In our 17 HMR vs .22LR shootout, .17 HMR was the clear winner. So the obvious question is, why not go to .17 WSM ( Winchester Super Magnum) instead of .17 HMR?
Savage B Series
Savage once again stepped up to support the rimfire circus my life has become this month. Our test model chambered in 17 WSM was the Savage B.Mag with a heavy barrel and a laminate stock. Out of the box, I liked this gun a lot. The laminate stock feels better than the synthetic of the B-17, and not just because I tend to prefer wood stocks anyway. It is longer which offers a more natural length of pull for grown-ups and has a better comb. Both models could have used a bit of a McGuyver cheek pad to match the rings I used, but ergonomically I liked the B.Mag. The B Mag features the same legendary Savage Accutrigger as the other rimfires and a slightly longer barrel at 22 inches. The rotary magazine holds eight rounds and functioned flawlessly. In short, the B.Mag is beautiful and functional. I only had two problems with the gun. One, due to the way the bolt cams, it is very easy to short stroke. The .17 WSM is derived from blank firing 27 caliber nail gun. I have done a little construction in my day, and nail guns don’t have nice triggers.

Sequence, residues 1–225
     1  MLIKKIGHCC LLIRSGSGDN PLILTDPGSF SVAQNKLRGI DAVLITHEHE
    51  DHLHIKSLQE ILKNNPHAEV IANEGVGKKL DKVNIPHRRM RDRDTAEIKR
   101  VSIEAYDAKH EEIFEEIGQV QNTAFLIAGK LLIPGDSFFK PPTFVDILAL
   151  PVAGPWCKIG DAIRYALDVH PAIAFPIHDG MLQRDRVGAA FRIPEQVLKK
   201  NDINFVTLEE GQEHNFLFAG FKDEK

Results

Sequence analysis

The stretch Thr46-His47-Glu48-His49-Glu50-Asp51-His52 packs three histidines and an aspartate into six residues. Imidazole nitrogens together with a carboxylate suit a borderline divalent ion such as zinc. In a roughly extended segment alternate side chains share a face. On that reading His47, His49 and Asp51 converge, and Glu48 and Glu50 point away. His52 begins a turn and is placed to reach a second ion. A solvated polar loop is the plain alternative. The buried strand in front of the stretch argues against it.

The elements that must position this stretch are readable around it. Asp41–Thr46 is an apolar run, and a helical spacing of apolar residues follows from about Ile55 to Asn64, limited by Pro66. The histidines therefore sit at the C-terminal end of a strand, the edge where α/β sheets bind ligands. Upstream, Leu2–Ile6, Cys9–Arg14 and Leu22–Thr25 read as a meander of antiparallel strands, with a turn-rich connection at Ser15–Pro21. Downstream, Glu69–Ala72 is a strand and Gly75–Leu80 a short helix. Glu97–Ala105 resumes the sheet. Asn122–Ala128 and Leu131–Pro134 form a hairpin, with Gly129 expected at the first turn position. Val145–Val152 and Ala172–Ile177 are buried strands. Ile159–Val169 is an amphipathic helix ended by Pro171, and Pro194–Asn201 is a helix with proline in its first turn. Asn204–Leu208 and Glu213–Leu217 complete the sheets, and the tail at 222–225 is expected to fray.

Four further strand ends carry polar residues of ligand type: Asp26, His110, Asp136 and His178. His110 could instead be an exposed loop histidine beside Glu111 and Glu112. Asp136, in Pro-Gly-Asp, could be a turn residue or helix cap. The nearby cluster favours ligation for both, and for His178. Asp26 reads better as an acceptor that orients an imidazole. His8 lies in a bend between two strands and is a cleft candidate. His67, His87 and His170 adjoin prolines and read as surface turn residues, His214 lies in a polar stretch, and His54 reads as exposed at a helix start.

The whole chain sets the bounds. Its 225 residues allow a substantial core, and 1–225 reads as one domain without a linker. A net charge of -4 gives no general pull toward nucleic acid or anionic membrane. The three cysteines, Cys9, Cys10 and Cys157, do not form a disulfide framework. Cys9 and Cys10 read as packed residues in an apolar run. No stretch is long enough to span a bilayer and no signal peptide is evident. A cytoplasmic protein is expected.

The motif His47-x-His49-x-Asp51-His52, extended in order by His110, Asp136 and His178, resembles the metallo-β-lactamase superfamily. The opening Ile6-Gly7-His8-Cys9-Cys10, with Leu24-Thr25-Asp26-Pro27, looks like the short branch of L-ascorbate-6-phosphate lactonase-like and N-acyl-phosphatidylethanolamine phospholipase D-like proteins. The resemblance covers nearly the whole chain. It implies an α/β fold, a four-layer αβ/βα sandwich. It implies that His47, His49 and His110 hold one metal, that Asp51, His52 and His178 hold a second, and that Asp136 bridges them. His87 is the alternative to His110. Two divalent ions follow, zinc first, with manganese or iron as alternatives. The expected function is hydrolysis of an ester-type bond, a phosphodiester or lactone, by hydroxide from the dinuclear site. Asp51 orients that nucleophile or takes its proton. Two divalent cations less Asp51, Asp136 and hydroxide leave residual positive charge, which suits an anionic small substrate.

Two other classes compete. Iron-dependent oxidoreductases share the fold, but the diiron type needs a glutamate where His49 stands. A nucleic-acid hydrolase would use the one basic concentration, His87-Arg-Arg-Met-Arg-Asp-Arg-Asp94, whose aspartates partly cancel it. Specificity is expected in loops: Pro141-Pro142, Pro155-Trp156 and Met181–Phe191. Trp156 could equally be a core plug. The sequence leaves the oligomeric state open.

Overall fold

I only had two problems with the gun. One, due to the way the bolt cams, it is very easy to short stroke. The .17 WSM is derived from a blank firing .27 caliber nail gun. I have done a little construction in my day, and nail guns aren’t known for their triggers. The basic problem is that .17 WSM has a very hard primer, and thus requires a very hard strike of the firing pin. The way the bolt closes is a design feature that takes some of the muscle required out of cocking the firing pin. It takes a little getting use to. It’s something shooters should be aware of. The second problem is that the gun comes with Weaver bases, and I despise Weaver bases. Again, not an issue on Savage’s part, but a matter of my own personal preference. There is an aftermarket solution to make it Picatinny for $36, but I couldn’t get one in time for the review.